India-China-Russia relations

Foreign Ministers of India, Russia and China are meeting in New Delhi next week at a time when, China apart, India’s growing proximity to the United States is causing discomfort to Russia – our traditional all-weather friend. The meeting is also taking place at a time when relations between China and some of her immediate neighbours are in a flux. In the recent past, three of China’s neighbours – Pakistan, Myanmar and Nepal – have refused to accept Chinese financial assistance to build ambitious hydro-electric projects in their countries, mainly because of the stiff terms for Chinese loans. On its part China, too, has ‘temporarily’ stopped funding three major projects in Pakistan. The apparent reason is reports of alleged ‘corruption’ in some of the China-Pakistan Economic Corridor (CPEC) projects.
Indeed, China’s debtor countries are becoming increasingly aware of the consequences of accepting Chinese loans for building infrastructural projects. The lending rates and repayment terms are so stiff that the debtor country soon realizes that the only way to liquidate the loan is to let the Chinese become owners of the projects by selling them equity. One of the hydel projects in Pakistan which the Chinese have ultimately declined to finance is in Pakistan-occupied Kashmir which India claims as its integral part. China knows that in any future armed conflict any project built in this area – indeed, the entire China-Pakistan Economic Corridor – may become vulnerable to Indian attack. India showed its resolve to defend its territorial rights in Doklam last August. It was China which had to blink first at Doklam and withdraw its troops. China knows India cannot be browbeaten. It seems to have grown wise after the Doklam event.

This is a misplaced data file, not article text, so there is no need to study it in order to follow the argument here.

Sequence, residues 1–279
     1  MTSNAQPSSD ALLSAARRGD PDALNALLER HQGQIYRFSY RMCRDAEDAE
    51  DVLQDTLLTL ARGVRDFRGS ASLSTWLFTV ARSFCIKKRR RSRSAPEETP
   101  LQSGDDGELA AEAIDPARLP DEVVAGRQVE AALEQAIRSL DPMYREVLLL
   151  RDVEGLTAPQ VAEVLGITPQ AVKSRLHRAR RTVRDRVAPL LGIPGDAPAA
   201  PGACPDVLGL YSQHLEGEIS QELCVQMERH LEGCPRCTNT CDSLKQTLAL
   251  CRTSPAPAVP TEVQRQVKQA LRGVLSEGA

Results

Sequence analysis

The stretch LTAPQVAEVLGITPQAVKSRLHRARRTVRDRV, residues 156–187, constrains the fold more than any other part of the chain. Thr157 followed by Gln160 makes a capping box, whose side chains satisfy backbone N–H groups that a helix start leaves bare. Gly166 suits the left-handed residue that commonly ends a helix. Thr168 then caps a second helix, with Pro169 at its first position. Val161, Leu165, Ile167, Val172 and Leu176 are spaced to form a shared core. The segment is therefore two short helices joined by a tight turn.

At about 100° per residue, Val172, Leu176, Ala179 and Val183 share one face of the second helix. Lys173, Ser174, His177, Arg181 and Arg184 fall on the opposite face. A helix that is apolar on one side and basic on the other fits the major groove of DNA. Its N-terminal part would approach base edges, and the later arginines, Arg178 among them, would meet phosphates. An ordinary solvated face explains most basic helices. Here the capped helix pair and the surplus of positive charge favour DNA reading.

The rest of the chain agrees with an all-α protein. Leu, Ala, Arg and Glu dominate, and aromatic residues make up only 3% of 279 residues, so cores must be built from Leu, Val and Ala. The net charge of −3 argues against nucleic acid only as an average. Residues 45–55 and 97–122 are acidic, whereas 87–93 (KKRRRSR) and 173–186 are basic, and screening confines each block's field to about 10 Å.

India commanded the respect of the world because of her non-alignment policy which meant not to be involved in the cold war between the US and the now defunct Soviet Union. The Soviet Union does not exist today but the need to remain non-aligned, that is, not to subordinate India’s independent foreign policy to any Power, still remains. There is no need for India either to antagonize China unnecessarily or to go out of her way to befriend the United States. India can rightfully claim her leadership in Asia vis-à-vis China by pursuing an independent foreign policy. In the next week’s meeting with her Russian and Chinese counterparts, Sushma Swaraj should make this stand clear and assure both Moscow and Beijing that India’s friendship with the US will not act against the interests of either Moscow or Beijing.

Sunday, 10 December, 2017